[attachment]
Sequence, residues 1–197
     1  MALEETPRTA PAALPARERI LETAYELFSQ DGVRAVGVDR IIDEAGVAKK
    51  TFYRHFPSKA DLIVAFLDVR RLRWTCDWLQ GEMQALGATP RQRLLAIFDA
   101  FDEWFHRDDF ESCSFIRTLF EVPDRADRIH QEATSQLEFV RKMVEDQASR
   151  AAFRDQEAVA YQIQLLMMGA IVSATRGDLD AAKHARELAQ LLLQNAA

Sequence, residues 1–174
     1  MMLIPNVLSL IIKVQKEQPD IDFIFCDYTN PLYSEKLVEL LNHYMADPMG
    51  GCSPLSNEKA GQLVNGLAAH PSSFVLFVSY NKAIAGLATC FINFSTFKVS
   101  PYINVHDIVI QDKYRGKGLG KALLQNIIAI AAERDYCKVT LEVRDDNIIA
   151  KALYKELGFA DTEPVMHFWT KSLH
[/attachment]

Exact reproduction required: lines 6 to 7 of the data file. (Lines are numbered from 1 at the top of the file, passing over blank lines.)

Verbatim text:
Sequence, residues 1–174
     1  MMLIPNVLSL IIKVQKEQPD IDFIFCDYTN PLYSEKLVEL LNHYMADPMG